Two weeks ago I gave a lecture on "Houdini in Cleveland" at the Magic Collectors Expo 2023. After the conference I spent a day visiting many of the locations I featured in my talk. While it's all still fresh in my head, here's my fact-finding tour of Houdini's Cleveland.
Houdini's first appearance in Cleveland was the week of March 12, 1900. This was during his first Keith's vaudeville tour before he traveled to Europe. He appeared at the Empire Theater which stood at 750 Huron Road. Today Cleveland's beautiful art deco AT&T Building stands at that address.
During his 1900 engagement Houdini escaped from manacles at the Central Police Station on Champlain Street. This was one of his nude tests. That station was razed in 1925 to make way for Terminal Tower which still stands today in downtown Cleveland.
Houdini returned to Cleveland in 1905 and 1908 playing B.F. Keith's Theater at 619-625 Prospect Avenue. In 1908 he was more than a little chagrined to find he was not the headliner. Instead Julius Steger & Co. in the skit "The Fifth Commandment" was the featured performer. "Is this week the first step toward oblivion?" Houdini wrote in his diary.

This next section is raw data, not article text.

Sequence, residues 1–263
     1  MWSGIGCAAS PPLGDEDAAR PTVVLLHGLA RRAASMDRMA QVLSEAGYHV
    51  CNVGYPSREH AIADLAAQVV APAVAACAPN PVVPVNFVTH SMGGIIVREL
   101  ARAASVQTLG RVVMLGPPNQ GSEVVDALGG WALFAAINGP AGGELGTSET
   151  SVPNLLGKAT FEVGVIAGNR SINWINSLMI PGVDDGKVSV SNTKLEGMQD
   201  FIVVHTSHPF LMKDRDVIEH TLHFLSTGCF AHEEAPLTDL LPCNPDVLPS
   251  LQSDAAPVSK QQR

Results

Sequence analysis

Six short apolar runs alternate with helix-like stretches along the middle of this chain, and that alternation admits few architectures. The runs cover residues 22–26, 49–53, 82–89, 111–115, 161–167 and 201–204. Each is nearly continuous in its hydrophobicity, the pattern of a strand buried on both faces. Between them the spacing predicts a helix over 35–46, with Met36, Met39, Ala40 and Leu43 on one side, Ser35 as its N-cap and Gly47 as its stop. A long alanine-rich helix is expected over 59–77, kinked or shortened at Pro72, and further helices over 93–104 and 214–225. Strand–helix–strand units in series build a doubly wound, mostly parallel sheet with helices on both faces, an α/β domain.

The Prospect Avenue Keith's closed in 1923 and today a modern office building stands on the site. Or at least that's what I thought. When I visited, I could see that the "modern" building was a facade fronting what appears to be the original building that still shows the profile of a theater. The building beside it, which in Houdini's time was the Colonial Hotel, is still there and very recognizable.
Houdini cancelled his 1911 appearance in Cleveland when he broke a blood vessel in his kidney in Detroit (an injury that never properly healed and gave him pain the rest of his life). But he was back in 1915, this time playing the magnificent Hippodrome Theater at 720 Euclid Avenue. This was the second largest stage in the world at this time. Houdini would play the Hippodrome three times in 1915, 1916, and 1922. Among his escapes at this theater was a challenge from the Cleveland & Sandusky Brewing Co. to escape from a cask of their famous Gold Bond Beer.
The Hippodrome stood until 1981 when it was razed to make way for a parking garage. Today the new City Club Apartments are rising on the site of the theater.
A survivor in downtown Cleveland is the beautiful May Company building. The May Co. challenged Houdini to escape from a packing case made by their shipping department three times in 1905, 1908 and 1915. Houdini beat them every time. In 1925 they left it to their competitor the Baily Co. to challenge Houdini with their own packing case. He beat that one too!